The defense rests on the seat of the white officer who killed black teen

In this March 12, 2019 file photo, former East Pittsburgh police officer Michael Rosfeld, charged with murder in the shooting of Antwon Rose II, walks to the Dauphin County Courthouse in Harrisburg, Pa. A witness in the shooting of Rose by Rosfeld said Wednesday, March 20, 2019 at his trial in Pittsburgh, that he saw the officer standing on the sidewalk, in a panic, saying: “I don’t know why I shot him. I don’t know why I fired.” (AP Photo/Matt Rourke)

PITTSBURGH – The defense rested Friday in the murder trial of a white police officer charged with shooting and killing an unarmed black teenager in the neighborhood of Pittsburgh, signaling the jury will soon be the case.

Former East Pittsburgh police officer Michael Rosfeld is responsible for the award is 17-year-old Antwon Rose II last summer. Video showed Rosfeld shoot Rose in the back, arm and side of the face as he fled. The former officer told the jury that he thought that Rose or any other suspect had a gun.

The jury will hear closing arguments Friday afternoon, the fourth day of the trial, and then begin the deliberations.

Rosfeld, 30, fired three bullets into the target after pulling over an illegal taxi that was used in a drive-by shooting. Rosfeld ordered the driver on the ground, but Rose and another passenger got out and started to walk away. Jurors saw video of the fatal confrontation, which showed that the Rose fall on the ground after being hit.

A defence expert, retired Pennsylvania State Police Trooper Clifford W. Jobe, Jr., back to the stand Friday and reiterated his belief that Rosfeld followed proper procedure when he shot Roos.

Under cross-examination, Jobe agreed with Assistant District Attorney Jonathan Fodi that a police officer can lie, in conflict with the law or are unreasonable. He also agreed with the prosecutor that, in some circumstances, it is reasonable to refrain from shooting, or to disengage from a situation.

But Jobe said that Rosfeld was in his rights to use “deadly force” to stop the fleeing suspects he thought had been involved in a shooting.

“What has Michael Rosfeld error do on June 19?” asked Rosfeld’s lawyer, Patrick Thomassey. “I don’t think he did anything wrong. He was following his training,” Jobe replied.

Rosfeld testified Thursday that he thought that Rose and the other passenger had pointed a gun at him. Neither teen had a gun on him at the time, although two guns were later found in the car.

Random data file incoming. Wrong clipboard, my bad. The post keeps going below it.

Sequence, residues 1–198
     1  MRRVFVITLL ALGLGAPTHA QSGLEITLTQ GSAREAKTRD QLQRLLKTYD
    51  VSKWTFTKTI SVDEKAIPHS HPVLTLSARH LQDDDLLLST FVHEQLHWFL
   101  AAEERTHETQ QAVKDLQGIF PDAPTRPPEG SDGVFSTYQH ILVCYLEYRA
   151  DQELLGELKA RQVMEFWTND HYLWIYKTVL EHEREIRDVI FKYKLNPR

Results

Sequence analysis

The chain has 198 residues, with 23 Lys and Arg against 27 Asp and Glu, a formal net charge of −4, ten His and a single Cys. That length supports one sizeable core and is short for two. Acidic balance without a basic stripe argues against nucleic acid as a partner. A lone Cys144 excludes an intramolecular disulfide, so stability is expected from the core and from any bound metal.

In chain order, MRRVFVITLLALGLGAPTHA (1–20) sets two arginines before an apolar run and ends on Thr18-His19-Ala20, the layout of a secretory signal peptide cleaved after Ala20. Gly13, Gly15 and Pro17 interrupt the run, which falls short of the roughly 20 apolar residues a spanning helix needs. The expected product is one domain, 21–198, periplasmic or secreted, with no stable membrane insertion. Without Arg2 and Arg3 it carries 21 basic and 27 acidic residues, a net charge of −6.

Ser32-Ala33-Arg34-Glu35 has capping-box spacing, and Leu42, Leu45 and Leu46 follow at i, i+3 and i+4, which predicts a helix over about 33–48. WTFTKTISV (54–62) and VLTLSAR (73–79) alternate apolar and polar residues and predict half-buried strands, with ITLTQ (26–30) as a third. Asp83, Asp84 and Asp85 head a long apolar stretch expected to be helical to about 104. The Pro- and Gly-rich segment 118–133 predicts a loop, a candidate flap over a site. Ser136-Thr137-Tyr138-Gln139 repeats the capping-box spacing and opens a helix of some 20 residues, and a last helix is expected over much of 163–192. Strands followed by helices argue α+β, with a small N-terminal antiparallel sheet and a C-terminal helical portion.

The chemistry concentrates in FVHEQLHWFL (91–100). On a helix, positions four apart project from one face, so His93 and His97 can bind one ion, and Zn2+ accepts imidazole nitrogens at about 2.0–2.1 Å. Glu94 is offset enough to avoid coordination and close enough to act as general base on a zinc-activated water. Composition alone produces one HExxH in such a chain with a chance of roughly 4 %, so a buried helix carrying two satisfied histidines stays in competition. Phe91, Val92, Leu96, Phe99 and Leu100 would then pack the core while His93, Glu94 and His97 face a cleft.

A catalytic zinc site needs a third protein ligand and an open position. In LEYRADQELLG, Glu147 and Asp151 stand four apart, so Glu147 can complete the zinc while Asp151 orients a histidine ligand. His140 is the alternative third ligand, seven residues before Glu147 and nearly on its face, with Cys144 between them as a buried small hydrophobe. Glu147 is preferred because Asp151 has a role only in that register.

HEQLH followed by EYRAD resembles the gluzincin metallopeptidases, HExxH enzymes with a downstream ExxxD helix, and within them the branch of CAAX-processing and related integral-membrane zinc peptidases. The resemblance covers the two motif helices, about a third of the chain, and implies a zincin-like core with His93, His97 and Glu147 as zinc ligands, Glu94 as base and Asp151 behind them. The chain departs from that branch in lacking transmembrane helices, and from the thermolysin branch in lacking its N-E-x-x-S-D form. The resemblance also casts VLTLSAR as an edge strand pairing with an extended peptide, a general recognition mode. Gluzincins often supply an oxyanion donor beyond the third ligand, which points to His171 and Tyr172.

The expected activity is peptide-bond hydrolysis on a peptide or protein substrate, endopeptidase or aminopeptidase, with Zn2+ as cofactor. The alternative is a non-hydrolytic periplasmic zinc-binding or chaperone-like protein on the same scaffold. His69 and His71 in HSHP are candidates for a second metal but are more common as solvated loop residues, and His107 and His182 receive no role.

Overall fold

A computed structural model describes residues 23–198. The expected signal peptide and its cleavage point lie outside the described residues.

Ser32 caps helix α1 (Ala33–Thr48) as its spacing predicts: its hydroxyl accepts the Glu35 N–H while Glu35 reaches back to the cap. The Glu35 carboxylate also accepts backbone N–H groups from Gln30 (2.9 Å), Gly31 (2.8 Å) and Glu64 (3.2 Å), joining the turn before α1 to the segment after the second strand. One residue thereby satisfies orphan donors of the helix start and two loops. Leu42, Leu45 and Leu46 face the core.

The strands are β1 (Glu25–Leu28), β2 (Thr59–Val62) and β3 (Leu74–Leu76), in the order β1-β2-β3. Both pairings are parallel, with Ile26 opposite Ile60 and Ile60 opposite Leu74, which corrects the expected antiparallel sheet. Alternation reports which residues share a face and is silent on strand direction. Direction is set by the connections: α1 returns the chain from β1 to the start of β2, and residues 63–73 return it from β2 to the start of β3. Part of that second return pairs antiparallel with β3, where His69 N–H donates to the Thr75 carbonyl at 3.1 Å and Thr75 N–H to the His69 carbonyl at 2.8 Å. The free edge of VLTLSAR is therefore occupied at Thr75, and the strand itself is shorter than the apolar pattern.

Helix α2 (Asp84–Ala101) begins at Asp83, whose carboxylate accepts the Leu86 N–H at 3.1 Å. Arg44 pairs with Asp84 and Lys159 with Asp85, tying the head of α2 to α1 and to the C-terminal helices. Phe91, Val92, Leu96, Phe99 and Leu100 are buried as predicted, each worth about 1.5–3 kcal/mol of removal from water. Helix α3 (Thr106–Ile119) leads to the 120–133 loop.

“It happened very quickly,” Rosfeld said. “My intention was to put an end to the threat that was made against me.”

Prosecutors say Rosfeld gave inconsistent statements about the shooting, including whether he thought that Rose had a gun.

A prosecution witness has said that after the shooting, he heard Rosfeld say repeatedly, “I don’t know why I shot him. I don’t know why I fired.” Another prosecution witness said that he heard the officer ask, “Why did he do that? Why did he, out of his pocket?”

Prosecutors charged Rosfeld with an open count of murder, meaning the jury can convince him of murder or manslaughter. The defense asked the Judge Alexander Bicket on Friday to acquit Rosfeld of all charges, but the judge refused.

A juror, a white woman, who had taken copious notes, was dismissed from the panel last Friday, and replaced by a white man. No reason was given for her resignation. The jury now consists of seven men and five women. It has three blacks.

Also Friday, Bicket lifted a gag order that he imposed on the parties in the case. Thomassey’s request, saying that while he and the prosecutor had kept to the court order, the attorney of Rose’s family did not. On Wednesday, S. Lee Merritt released a letter to the media that Rose’s mother wrote to prosecutors urging them to show what a “kind, loving and funny” person her son was.

Rose had ridden in the passenger seat of the cab with another resident, Zaijuan Hester, on the back seat, a window rolled down and shot at two people on the street, hitting one in the abdomen. A few minutes later, Rosfeld spotted their car, which had its rear window shot out, and pulled it on.

Hester, 18, pleaded guilty last week to aggravated assault and firearms violations. Hester told a judge that he is not Rose, so did the shooting.

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